“Black Skinhead should be a wake-up call to politicians and voters alike. Brandi Collins-Dexter challenges us to journey into the worlds of Black voters and people across the political spectrum. There were times where it felt uncomfortable, but the implications unearthed throughout the book must not be ignored.”
—Michael Tubbs, former mayor of Stockton, CA and author of The Deeper the Roots
"Seamlessly balancing the personal, political, and cultural, and enlivened with a sharp sense of wit, these standout pieces strike an essential note of warning for Democrats."
—Publishers Weekly, starred review
An influential media commentator on racial justice explores politics and Black voters in this sharp blend of memoir and cultural criticism.
In her debut book, Collins-Dexter, a visiting fellow at the Harvard Kennedy School’s Shorenstein Center on Media, Politics and Public Policy, chronicles her “journey to get to the heart of Black political identity, a process that involved extensive interviews with Black people from all across the ideological spectrum.” She narrates a powerful story “about a Black America that had become disillusioned with the failed promises of their country.” In the 1960s, before it became known for White nationalism, the skinhead movement was a political movement comprised of the British working class, most of whom felt “left behind” and disillusioned by economic and political infrastructures. The author uses this idea as a launching pad to deconstruct a host of cultural frameworks involving politics and place in communities around the U.S., and she offers a well-rendered critique of the implicit attitude that Black voters prefer Democrats or Black candidates. Through the lens of Black voters, Collins-Dexter examines often complex political concepts in an accessible way—Kanye West’s troubling persona is a recurring topic—but the rigor of her scholarship is never in question. In the section on populism, the author employs wrestling lingo and characters from the World Wrestling Federation to describe political ideology from the left and right. “With its exaggerated narratives of good, evil, and the struggle of the everyman,” she writes, “[wrestling] is the perfect way to understand populism—its pitfalls and its undeniable draw.” Reminiscent of Notes From No Man’s Land, by Eula Biss, this collection is well constructed and incisively argued. Collins-Dexter begins and ends with poignant memories of her father, effectively tying the personal to the universal. Featuring a vivid mix of hard data, anecdotal details, and scholarly research, this book is a must-read for anyone interested in politics and Black lives in America.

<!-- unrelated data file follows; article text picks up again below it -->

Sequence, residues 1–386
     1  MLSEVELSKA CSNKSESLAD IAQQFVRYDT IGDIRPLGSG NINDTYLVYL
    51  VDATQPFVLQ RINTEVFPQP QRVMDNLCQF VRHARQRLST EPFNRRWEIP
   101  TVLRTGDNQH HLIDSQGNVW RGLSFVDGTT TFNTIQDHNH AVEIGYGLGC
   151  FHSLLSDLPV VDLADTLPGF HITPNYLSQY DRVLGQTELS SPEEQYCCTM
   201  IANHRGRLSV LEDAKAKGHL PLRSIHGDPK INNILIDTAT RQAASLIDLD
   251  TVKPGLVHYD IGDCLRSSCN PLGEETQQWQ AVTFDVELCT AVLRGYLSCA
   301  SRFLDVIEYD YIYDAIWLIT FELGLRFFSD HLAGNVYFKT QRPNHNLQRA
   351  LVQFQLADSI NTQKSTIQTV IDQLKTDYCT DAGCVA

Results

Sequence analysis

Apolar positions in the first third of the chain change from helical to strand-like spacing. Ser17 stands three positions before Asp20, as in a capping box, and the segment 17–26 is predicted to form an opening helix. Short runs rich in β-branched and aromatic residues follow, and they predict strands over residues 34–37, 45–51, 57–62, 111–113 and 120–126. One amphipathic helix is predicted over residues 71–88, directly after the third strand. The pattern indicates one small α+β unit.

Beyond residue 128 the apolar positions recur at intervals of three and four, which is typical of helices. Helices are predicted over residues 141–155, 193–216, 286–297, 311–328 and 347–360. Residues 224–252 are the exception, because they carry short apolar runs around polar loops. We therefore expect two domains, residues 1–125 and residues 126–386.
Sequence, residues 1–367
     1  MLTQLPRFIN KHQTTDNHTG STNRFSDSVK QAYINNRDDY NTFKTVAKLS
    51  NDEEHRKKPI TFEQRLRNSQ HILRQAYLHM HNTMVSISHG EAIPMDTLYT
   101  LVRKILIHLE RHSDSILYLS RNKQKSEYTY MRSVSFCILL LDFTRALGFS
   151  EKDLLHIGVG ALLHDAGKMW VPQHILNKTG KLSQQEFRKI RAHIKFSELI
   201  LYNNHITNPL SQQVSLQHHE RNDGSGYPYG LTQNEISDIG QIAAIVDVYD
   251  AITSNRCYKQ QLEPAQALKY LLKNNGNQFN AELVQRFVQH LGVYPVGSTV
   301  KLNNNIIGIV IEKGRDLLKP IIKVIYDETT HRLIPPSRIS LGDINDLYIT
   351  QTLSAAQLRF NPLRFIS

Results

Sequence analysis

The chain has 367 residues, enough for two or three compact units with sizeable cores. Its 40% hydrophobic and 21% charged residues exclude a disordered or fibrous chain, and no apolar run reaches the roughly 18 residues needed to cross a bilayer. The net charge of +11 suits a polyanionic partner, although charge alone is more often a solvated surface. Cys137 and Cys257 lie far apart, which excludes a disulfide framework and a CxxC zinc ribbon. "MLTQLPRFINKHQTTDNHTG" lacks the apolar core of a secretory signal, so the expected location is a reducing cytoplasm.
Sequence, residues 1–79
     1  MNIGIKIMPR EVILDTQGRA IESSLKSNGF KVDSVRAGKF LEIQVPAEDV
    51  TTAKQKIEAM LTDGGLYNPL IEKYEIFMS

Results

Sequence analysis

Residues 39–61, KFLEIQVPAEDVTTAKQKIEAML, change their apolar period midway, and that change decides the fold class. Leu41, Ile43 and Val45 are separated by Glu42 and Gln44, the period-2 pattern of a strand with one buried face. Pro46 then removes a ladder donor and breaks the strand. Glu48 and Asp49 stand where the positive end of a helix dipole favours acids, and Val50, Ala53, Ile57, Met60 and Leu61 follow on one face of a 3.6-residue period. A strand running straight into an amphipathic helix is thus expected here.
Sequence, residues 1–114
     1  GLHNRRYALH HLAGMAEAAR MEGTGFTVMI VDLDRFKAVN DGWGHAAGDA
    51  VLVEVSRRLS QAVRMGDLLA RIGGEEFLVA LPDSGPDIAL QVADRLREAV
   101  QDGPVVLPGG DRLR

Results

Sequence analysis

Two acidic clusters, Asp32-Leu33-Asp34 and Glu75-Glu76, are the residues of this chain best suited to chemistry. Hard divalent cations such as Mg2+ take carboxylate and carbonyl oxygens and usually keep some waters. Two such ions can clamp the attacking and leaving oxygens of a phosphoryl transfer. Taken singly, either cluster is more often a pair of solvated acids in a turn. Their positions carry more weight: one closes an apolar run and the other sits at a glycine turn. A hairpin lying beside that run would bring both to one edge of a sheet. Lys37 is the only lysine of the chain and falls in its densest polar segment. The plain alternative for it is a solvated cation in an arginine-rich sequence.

A remarkable work that leaves us feeling hopeful for change.